When Karma Quick-Panwala was pregnant with her second child, she didn't anticipate relying on the help of a 17-year-old stranger, living almost 400 miles away, during her delivery.
Quick-Panwala, who describes herself as severely hard of hearing, relies on lip reading to communicate. She says midway through her pregnancy, as the Covid-19 crisis began, she was concerned she wouldn't be able to communicate with doctors and nurses when they were wearing protective masks.
"I like to say lip reading is my superpower and masks are my kryptonite," said Quick-Panwala. "I'm completely cut off from communication unless I have someone come speak to me personally so that I can lip read to understand what's being said. I knew right away I was going to need some form of communication access."
Her doctors at Sutter Health's California Pacific Medical Center in San Francisco helped to ease her concerns, offering transcription services for her prenatal appointments. But as her due date grew near, she knew she'd need something more in order to follow the doctor's real-time instructions in the delivery room.
That's where Isabella Appell, 17, comes in. The high school junior from Thousand Oaks, California, has been making face masks since the coronavirus pandemic began.
Alarmed by reports of a lack of available face masks in the early days of the pandemic, Appell sprang into action.
Appell is not hard of hearing, but said she has always been interested in learning sign language and is part of several Facebook groups for deaf people.
"I noticed that there were a lot of comments about how scary it was for them right now and how hard it was for them to communicate," said Appell. "I started researching on how I could accommodate these masks for everybody."
Appell created Talking Masks, a small venture that makes masks featuring a clear plastic window. She cuts the fabric from a template she created, then sews the masks and inserts a piece of clear plastic vinyl over the mouth. She applies a de-fogging spray to the final product, so it doesn't steam up when in use.
Since March, when the pandemic closed her high school, Appell has been emailing with and taking orders from customers -- then diligently sewing the masks, day and night, from her upstairs bedroom.
Isabella's mother, Renee Appell, is awed by her daughter's dedication to supporting the deaf community during the pandemic, while at the same time still keeping up with her demanding schoolwork.
"She would do homework or study until 10 or 11 at night, and then would cut and sew until two or three in the morning and start the whole process over again early the next morning," said Renee Appell. "When she finds something she believes in, she gives it everything she has, and she is dedicated to this cause like nothing we've seen before."
So far, Isabella Appell said she has made more than 300 masks. Anyone can order a mask from the website. All she asks is that those who want or need a mask make a small donation and pay the shipping fee. The money from the donations all goes to the Hearing Aid Project, a nonprofit group that supplies hearing aids to those who can't afford them.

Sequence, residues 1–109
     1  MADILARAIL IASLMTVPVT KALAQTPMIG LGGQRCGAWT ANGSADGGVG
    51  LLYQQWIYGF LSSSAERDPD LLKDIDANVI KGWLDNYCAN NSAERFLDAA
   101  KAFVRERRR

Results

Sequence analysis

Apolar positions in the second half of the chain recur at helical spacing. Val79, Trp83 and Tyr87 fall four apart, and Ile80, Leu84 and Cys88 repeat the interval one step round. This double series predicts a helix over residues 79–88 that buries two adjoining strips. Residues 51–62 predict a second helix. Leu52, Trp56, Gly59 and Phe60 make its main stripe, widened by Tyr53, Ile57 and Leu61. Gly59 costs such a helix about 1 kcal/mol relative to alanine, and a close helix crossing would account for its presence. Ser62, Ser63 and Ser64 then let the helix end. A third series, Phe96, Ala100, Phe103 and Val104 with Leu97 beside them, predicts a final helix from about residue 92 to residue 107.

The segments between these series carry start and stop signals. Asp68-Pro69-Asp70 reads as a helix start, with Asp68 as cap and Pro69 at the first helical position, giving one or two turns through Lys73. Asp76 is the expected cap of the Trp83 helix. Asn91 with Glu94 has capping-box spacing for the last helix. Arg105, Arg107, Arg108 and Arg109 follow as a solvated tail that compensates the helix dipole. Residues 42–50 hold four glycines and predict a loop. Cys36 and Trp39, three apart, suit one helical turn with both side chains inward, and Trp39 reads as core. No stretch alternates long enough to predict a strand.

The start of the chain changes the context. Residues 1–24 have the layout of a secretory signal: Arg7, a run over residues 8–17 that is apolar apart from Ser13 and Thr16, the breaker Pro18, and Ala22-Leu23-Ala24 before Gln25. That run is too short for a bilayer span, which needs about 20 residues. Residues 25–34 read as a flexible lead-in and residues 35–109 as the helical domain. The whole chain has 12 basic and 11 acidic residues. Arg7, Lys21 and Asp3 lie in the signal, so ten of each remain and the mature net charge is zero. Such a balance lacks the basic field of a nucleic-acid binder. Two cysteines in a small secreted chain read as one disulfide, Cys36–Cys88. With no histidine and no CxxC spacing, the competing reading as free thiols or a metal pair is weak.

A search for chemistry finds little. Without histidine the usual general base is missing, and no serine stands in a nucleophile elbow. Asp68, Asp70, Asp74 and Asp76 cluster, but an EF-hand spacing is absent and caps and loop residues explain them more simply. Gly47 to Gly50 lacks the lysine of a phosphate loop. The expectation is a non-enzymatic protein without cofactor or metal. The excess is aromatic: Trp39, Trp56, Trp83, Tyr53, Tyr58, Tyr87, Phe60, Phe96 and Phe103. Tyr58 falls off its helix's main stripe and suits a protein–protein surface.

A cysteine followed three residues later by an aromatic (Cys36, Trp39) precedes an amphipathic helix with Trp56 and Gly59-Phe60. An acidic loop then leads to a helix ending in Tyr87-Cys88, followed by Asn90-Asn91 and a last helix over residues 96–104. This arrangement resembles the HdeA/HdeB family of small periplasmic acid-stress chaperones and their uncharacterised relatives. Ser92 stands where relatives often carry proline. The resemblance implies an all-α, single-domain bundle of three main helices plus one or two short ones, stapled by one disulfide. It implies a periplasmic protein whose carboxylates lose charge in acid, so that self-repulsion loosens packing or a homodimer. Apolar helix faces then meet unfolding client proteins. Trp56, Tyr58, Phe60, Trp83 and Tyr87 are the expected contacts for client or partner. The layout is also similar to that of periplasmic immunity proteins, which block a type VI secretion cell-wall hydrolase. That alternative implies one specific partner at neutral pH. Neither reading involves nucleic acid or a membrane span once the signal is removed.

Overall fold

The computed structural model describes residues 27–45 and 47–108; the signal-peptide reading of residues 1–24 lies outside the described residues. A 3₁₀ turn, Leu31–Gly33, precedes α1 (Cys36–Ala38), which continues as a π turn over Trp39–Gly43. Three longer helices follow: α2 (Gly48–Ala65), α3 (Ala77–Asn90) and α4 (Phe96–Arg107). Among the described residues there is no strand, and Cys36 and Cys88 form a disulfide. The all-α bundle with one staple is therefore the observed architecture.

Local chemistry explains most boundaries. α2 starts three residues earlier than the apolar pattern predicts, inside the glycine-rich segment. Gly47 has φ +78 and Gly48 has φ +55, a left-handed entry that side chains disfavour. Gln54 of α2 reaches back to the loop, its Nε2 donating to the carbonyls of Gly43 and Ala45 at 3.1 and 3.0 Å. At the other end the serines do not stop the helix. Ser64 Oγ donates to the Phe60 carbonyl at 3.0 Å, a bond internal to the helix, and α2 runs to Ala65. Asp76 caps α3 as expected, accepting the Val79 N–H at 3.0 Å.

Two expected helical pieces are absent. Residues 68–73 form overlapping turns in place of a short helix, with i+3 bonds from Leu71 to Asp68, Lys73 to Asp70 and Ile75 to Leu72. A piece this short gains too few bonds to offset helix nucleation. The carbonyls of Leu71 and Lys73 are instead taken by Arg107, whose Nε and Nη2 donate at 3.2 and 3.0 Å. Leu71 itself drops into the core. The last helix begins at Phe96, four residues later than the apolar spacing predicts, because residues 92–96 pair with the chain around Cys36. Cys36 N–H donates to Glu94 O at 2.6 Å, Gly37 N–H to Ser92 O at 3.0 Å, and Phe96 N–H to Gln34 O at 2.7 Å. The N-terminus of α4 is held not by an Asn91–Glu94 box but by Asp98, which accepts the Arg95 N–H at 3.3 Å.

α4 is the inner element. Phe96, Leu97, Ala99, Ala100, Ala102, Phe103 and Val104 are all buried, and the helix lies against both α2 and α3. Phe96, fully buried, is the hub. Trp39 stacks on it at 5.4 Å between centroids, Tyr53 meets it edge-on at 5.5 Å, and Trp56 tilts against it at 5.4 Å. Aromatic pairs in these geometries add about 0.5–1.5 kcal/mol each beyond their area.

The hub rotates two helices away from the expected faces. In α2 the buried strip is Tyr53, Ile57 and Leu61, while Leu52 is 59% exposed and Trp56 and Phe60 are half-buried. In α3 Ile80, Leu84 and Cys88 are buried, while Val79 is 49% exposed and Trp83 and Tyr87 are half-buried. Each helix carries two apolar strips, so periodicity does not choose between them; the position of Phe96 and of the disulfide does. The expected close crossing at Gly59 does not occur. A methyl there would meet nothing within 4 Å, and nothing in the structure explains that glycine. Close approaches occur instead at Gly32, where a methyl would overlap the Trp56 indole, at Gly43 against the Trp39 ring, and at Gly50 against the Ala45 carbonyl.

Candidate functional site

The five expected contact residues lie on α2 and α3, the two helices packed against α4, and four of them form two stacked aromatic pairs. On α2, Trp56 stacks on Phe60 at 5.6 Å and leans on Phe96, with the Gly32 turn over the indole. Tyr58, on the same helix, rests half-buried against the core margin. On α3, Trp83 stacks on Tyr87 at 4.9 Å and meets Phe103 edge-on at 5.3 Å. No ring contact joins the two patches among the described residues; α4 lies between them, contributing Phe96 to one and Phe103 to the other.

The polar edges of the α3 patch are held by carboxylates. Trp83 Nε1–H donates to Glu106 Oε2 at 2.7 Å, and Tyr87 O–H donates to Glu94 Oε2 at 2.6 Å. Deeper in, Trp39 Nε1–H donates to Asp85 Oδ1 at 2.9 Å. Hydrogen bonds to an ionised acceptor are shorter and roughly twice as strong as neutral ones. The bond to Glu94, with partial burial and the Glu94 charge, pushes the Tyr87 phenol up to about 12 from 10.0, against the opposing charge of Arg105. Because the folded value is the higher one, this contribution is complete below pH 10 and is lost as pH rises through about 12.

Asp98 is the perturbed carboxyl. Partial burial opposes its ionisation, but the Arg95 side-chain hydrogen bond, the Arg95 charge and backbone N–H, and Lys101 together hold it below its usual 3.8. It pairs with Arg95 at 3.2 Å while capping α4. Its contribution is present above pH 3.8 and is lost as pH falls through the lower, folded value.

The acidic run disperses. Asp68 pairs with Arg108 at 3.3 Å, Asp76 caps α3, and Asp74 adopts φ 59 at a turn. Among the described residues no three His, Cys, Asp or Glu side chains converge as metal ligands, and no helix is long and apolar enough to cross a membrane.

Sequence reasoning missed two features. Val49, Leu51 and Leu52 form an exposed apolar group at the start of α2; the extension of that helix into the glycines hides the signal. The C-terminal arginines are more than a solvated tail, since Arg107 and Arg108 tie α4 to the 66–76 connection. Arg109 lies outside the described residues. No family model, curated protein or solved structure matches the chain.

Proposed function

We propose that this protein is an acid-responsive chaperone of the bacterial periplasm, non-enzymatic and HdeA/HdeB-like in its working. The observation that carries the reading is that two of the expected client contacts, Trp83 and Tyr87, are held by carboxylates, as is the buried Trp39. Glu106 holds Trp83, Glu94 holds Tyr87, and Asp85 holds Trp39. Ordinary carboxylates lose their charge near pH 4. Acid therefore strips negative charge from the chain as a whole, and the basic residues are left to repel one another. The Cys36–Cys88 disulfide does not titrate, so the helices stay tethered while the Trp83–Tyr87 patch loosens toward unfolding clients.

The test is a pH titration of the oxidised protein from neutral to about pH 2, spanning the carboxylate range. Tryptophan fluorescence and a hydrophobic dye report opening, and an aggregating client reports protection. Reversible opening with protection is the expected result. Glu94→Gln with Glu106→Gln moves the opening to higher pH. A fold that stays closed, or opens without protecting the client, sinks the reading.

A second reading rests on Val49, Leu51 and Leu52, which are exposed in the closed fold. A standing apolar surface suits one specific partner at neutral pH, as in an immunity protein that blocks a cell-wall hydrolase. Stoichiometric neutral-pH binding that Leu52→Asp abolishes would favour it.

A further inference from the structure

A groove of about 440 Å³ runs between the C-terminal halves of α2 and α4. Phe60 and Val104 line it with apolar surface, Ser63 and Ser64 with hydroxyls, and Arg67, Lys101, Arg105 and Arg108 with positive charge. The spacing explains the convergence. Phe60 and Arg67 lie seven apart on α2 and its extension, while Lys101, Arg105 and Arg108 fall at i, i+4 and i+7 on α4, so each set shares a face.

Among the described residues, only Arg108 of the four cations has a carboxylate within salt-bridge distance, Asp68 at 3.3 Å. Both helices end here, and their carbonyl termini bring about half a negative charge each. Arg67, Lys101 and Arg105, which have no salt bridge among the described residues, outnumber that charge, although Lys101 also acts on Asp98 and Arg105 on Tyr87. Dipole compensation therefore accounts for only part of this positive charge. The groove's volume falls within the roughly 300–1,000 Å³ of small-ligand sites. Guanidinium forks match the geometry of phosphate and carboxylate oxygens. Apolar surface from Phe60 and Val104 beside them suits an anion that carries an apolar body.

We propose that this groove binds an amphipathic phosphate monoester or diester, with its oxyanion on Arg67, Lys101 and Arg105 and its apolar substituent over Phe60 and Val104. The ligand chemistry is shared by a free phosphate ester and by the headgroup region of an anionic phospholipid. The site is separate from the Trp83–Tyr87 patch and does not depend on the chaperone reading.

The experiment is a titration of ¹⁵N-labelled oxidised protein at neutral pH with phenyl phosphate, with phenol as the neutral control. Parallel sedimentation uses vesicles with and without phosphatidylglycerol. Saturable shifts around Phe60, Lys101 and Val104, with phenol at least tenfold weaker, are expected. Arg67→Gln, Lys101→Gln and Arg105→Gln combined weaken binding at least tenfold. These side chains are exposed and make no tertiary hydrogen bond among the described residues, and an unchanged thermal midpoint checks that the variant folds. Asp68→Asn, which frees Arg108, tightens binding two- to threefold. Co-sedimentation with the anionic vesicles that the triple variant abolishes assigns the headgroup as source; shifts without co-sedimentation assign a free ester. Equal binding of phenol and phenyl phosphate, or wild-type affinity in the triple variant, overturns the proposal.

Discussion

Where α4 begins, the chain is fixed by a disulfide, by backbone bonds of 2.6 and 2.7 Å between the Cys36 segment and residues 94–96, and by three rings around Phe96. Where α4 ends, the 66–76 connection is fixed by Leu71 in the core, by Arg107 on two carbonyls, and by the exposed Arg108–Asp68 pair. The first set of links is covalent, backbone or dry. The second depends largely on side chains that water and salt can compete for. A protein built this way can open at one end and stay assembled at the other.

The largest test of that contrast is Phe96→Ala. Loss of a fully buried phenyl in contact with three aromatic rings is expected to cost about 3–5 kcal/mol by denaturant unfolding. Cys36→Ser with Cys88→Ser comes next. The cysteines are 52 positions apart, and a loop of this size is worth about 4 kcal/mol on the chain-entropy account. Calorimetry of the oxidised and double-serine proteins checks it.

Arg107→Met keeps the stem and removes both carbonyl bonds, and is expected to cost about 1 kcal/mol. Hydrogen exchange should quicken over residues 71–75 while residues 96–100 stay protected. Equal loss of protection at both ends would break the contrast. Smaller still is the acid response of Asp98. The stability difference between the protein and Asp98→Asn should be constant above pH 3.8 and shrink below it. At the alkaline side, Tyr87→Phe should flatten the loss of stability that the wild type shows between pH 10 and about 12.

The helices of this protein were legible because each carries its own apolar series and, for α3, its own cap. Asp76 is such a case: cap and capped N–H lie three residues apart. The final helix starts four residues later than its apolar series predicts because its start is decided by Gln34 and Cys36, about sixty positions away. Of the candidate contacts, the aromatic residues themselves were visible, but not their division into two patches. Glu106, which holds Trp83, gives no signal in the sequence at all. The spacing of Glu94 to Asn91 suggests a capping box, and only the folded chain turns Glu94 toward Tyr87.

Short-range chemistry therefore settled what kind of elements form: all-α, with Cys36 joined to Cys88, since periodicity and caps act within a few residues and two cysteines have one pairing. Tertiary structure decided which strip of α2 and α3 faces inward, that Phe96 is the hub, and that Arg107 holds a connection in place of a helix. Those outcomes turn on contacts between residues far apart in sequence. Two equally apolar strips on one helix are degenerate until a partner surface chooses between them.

Once the masks are ready, Renee takes them to the post office while Isabella does her homework. Her mom says the masks have brought the family closer together. "We've all helped in little ways," Renee Appell said. "It's become a family project: setting up the website, photography, responding to emails, preparing the masks for shipping, delivery to the post office and other things."
Isabella Appell said she would like to continue Talking Masks through the summer and beyond, at least until the pandemic is over. But as Covid-19 cases continue to rise around the US, and with an estimated 11.5 million people across the country having some form of hearing loss, Appell knows the demand for these masks will be much greater than can be solved by a single pair of hands.
"I think the biggest challenge is just getting the materials," Isabella Appell said. "I personally love making these masks. I would do it in my free time. I would do it all the time. But I am short on materials, so I would really appreciate any type of fabric donation or help sewing."
Appell isn't alone in working to address the need. Even before Covid-19, back in July 2016, a San Francisco nurse received a $95,000 grant from the National Institutes of Health to develop and test transparent masks; in the medical community, where protective masks are prevalent, this is not a new issue for those who are hard of hearing -- but it has been exacerbated by the current pandemic.
As for Quick-Panwala, she gave birth to a healthy baby boy named Axel on June 6. It was a smooth delivery, for which she credits attentive doctors and their willingness to wear the Talking Masks that Isabella Appell sewed and sent to her.
"Having the masks available ... really made a huge difference in my being able to communicate in the delivery room. There would have been so much that I missed out on," Quick-Panwala said.
"That, as a teenager, this is what [Isabella] chose to focus on -- to facilitate our need for access and help the deaf community be able to communicate in this time -- I'm so grateful that her interest in this area led her to do this," she said, "and to help me and the many other people who have been stuck between having to communicate and having to wear these masks."